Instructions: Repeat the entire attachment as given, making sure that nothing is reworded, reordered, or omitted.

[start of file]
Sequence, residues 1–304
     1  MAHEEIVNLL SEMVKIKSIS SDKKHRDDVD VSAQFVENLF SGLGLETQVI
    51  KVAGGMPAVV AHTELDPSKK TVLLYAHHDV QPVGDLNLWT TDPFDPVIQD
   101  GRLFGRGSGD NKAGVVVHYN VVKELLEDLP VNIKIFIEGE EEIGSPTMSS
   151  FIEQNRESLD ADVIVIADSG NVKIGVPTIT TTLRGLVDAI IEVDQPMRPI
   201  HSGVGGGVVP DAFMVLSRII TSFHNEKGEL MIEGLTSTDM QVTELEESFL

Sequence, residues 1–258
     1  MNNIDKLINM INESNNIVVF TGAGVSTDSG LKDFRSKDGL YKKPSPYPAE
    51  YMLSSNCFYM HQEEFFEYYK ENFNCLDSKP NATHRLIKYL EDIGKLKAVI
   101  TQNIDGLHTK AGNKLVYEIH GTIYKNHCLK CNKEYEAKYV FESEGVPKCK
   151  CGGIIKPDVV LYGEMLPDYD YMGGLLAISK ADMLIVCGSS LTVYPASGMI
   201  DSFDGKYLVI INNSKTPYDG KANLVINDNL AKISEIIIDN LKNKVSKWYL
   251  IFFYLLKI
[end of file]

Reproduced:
Sequence, residues 1–304
     1  MAHEEIVNLL SEMVKIKSIS SDKKHRDDVD VSAQFVENLF SGLGLETQVI
    51  KVAGGMPAVV AHTELDPSKK TVLLYAHHDV QPVGDLNLWT TDPFDPVIQD
   101  GRLFGRGSGD NKAGVVVHYN VVKELLEDLP VNIKIFIEGE EEIGSPTMSS
   151  FIEQNRESLD ADVIVIADSG NVKIGVPTIT TTLRGLVDAI IEVDQPMRPI
   201  HSGVGGGVVP DAFMVLSRII TSFHNEKGEL MIEGLTSTDM QVTELEESFL

Sequence, residues 1–258
     1  MNNIDKLINM INESNNIVVF TGAGVSTDSG LKDFRSKDGL YKKPSPYPAE
    51  YMLSSNCFYM HQEEFFEYYK ENFNCLDSKP NATHRLIKYL EDIGKLKAVI
   101  TQNIDGLHTK AGNKLVYEIH GTIYKNHCLK CNKEYEAKYV FESEGVPKCK
   151  CGGIIKPDVV LYGEMLPDYD YMGGLLAISK ADMLIVCGSS LTVYPASGMI
   201  DSFDGKYLVI INNSKTPYDG KANLVINDNL AKISEIIIDN LKNKVSKWYL
   251  IFFYLLKI